Ransomware attack on NHS systems could take weeks to fix, major IT provider warns

Ambulances outside the Royal London Hospital

A cyberattack that hit a major IT provider for the NHS and severely affected the 111 service involved ransomware and could take up to four weeks to fix, it has emerged.

Advanced, which supplies vital systems for the NHS, said it suffered a cyber breach around 7am on 4 August which has now been contained.

The attack had wide-ranging implications, affecting the system used to dispatch ambulances, book out-of-hours appointments and issue emergency prescriptions.

Call handlers for the NHS 111 service were left “working on paper” with the cyber attack “negatively affecting” response times, according to a letter from NHS England to London GPs seen by industry magazine Pulse.

The Welsh Ambulance Service reported a “major outage” of the system used to refer patients from 111 to out-of-hours GP providers, saying the issue was affecting all four nations in the UK.

The public were encouraged to use 111 online or by phone, but were warned it could take longer for calls to be answered.

It comes five years after the WannaCry cyberattack severely disrupted services, leading to thousands cancelled appointments and left the NHS with a near-£100m bill.

That attack was blamed on North Korea but it is not known who is behind the latest attack on NHS systems.

“We want to stress that there is nothing to suggest that our customers are at risk of malware spread and believe that early intervention from our Incident Response Team contained this issue to a small number of servers,” an Advanced spokesperson said.

The company says it is working with the NHS and National Cyber Security Centre to validate the steps it had taken before the NHS can begin bringing services back online.

Advanced said it is working “tirelessly” to resolve issues but confirmed it could take three to four more weeks to bring some systems back to full performance.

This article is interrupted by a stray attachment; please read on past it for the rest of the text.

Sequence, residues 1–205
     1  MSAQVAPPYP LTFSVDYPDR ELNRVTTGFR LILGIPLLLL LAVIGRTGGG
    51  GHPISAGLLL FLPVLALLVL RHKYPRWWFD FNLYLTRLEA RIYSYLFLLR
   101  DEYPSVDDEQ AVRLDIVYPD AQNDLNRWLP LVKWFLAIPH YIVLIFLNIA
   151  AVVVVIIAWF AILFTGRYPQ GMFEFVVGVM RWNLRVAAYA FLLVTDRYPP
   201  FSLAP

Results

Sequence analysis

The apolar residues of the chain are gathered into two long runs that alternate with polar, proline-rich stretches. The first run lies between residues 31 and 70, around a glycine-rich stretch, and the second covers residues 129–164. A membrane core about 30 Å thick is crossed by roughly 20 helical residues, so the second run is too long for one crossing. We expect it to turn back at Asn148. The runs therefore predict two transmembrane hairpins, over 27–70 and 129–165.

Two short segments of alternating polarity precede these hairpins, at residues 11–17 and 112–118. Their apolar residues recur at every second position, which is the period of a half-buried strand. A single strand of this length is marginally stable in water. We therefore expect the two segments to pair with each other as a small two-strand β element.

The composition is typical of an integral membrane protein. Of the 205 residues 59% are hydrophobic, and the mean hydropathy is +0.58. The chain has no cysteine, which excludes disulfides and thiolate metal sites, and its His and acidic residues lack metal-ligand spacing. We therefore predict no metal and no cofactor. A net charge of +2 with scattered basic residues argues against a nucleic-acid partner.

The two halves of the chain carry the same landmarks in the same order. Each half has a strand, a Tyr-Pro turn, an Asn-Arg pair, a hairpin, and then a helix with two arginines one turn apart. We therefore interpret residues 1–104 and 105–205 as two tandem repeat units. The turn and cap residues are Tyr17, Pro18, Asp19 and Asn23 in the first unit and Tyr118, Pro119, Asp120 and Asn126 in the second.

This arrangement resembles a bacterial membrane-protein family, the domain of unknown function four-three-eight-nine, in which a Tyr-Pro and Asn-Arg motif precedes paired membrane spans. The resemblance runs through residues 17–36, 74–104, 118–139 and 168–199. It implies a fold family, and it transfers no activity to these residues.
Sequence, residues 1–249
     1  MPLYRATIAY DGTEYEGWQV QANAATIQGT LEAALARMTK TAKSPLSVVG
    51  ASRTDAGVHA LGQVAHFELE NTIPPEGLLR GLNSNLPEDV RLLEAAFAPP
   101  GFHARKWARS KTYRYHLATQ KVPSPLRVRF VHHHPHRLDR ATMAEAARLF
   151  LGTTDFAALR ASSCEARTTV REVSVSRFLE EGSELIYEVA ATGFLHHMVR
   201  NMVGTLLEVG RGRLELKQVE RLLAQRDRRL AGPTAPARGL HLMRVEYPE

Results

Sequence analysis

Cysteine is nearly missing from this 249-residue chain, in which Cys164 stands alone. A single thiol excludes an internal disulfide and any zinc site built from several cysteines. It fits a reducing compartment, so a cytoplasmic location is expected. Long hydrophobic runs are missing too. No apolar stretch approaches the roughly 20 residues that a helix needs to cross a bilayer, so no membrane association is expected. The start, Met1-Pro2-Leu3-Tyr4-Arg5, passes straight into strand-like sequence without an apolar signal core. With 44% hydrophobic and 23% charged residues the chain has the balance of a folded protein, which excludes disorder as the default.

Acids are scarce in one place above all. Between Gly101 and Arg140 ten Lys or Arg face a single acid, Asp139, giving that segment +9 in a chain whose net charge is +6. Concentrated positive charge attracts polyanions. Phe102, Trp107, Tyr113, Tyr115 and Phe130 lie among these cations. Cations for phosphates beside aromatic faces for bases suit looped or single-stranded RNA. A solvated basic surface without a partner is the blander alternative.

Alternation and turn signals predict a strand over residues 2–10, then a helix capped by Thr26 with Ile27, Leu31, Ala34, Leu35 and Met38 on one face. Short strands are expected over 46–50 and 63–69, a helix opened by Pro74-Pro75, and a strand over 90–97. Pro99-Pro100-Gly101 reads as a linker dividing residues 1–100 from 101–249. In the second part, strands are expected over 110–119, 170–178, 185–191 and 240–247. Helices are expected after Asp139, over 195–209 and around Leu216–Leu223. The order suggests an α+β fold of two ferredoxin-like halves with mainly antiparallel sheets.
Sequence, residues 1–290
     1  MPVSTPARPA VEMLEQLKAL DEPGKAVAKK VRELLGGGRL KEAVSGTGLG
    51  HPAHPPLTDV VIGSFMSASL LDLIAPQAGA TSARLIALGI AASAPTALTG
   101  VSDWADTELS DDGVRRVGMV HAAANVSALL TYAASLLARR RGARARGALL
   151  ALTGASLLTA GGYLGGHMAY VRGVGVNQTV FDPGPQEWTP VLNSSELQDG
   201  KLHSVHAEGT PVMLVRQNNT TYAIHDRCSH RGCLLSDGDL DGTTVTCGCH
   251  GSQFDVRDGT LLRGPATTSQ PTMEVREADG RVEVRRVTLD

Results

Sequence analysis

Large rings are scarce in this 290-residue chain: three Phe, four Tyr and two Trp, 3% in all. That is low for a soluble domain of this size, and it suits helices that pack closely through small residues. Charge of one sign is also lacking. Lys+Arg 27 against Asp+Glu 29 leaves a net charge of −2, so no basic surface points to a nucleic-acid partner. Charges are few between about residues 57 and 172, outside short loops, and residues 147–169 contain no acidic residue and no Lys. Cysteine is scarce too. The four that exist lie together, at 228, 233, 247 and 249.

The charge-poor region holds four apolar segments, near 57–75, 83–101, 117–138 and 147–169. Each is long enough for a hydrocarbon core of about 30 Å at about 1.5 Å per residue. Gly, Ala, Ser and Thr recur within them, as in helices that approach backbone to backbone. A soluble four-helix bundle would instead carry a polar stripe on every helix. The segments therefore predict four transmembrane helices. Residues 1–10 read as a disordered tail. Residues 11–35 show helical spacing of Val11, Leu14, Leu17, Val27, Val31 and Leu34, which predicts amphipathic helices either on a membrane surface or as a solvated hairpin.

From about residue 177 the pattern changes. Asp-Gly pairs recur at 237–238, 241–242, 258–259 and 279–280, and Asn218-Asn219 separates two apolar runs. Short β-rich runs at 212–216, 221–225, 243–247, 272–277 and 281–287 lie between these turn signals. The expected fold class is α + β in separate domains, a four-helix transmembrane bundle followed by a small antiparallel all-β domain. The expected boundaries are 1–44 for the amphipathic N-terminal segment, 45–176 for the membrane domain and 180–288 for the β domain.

“As you can imagine, we are in the early stages of our investigation into this incident and are working alongside our third-party forensic partners to gather more detail.

“While we have not yet confirmed the root cause – and this may take time – please rest assured we will keep you updated as we learn more.”

What is ransomware?

Ransom malware – or ransomware – is malware that locks users out of their system and demands a ransom payment in order to get back in.

The malware dates back to the late 1980s and has been the subject of several high profile incidents in recent years.

Nowadays ransomware authors order that payment be sent via cryptocurrency or credit card, and attackers target individuals, businesses, and organisations of all kinds.

The targets can be individual users or – as it seems is the case this time – larger organisations relied upon by millions of people.

So how does ransomware lock up people’s systems?

First the hacker or threat actor needs to gain access to a device or network.

Having this access means they can use the malware to encrypt your device and data so they cannot be accessed.

Once that’s done, the user will see a message demanding a payment in return for restoring access to their files or system.

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